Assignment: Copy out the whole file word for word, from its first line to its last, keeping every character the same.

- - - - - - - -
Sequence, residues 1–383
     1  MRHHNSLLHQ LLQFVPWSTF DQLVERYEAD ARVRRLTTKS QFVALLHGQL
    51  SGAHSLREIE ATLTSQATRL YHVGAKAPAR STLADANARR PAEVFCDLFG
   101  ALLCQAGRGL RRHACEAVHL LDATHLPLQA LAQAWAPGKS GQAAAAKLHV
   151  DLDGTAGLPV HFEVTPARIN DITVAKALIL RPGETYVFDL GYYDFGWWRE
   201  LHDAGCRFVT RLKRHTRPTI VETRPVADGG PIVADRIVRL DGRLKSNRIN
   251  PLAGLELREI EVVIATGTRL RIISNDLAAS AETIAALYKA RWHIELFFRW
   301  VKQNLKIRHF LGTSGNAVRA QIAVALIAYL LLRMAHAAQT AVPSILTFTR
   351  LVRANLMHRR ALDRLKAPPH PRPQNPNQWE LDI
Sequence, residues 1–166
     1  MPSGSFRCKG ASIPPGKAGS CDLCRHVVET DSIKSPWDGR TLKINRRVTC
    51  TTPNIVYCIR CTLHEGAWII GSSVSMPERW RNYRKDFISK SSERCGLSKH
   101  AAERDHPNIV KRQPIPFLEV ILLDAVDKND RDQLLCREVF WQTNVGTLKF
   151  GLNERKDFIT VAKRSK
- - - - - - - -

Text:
Sequence, residues 1–383
     1  MRHHNSLLHQ LLQFVPWSTF DQLVERYEAD ARVRRLTTKS QFVALLHGQL
    51  SGAHSLREIE ATLTSQATRL YHVGAKAPAR STLADANARR PAEVFCDLFG
   101  ALLCQAGRGL RRHACEAVHL LDATHLPLQA LAQAWAPGKS GQAAAAKLHV
   151  DLDGTAGLPV HFEVTPARIN DITVAKALIL RPGETYVFDL GYYDFGWWRE
   201  LHDAGCRFVT RLKRHTRPTI VETRPVADGG PIVADRIVRL DGRLKSNRIN
   251  PLAGLELREI EVVIATGTRL RIISNDLAAS AETIAALYKA RWHIELFFRW
   301  VKQNLKIRHF LGTSGNAVRA QIAVALIAYL LLRMAHAAQT AVPSILTFTR
   351  LVRANLMHRR ALDRLKAPPH PRPQNPNQWE LDI
Sequence, residues 1–166
     1  MPSGSFRCKG ASIPPGKAGS CDLCRHVVET DSIKSPWDGR TLKINRRVTC
    51  TTPNIVYCIR CTLHEGAWII GSSVSMPERW RNYRKDFISK SSERCGLSKH
   101  AAERDHPNIV KRQPIPFLEV ILLDAVDKND RDQLLCREVF WQTNVGTLKF
   151  GLNERKDFIT VAKRSK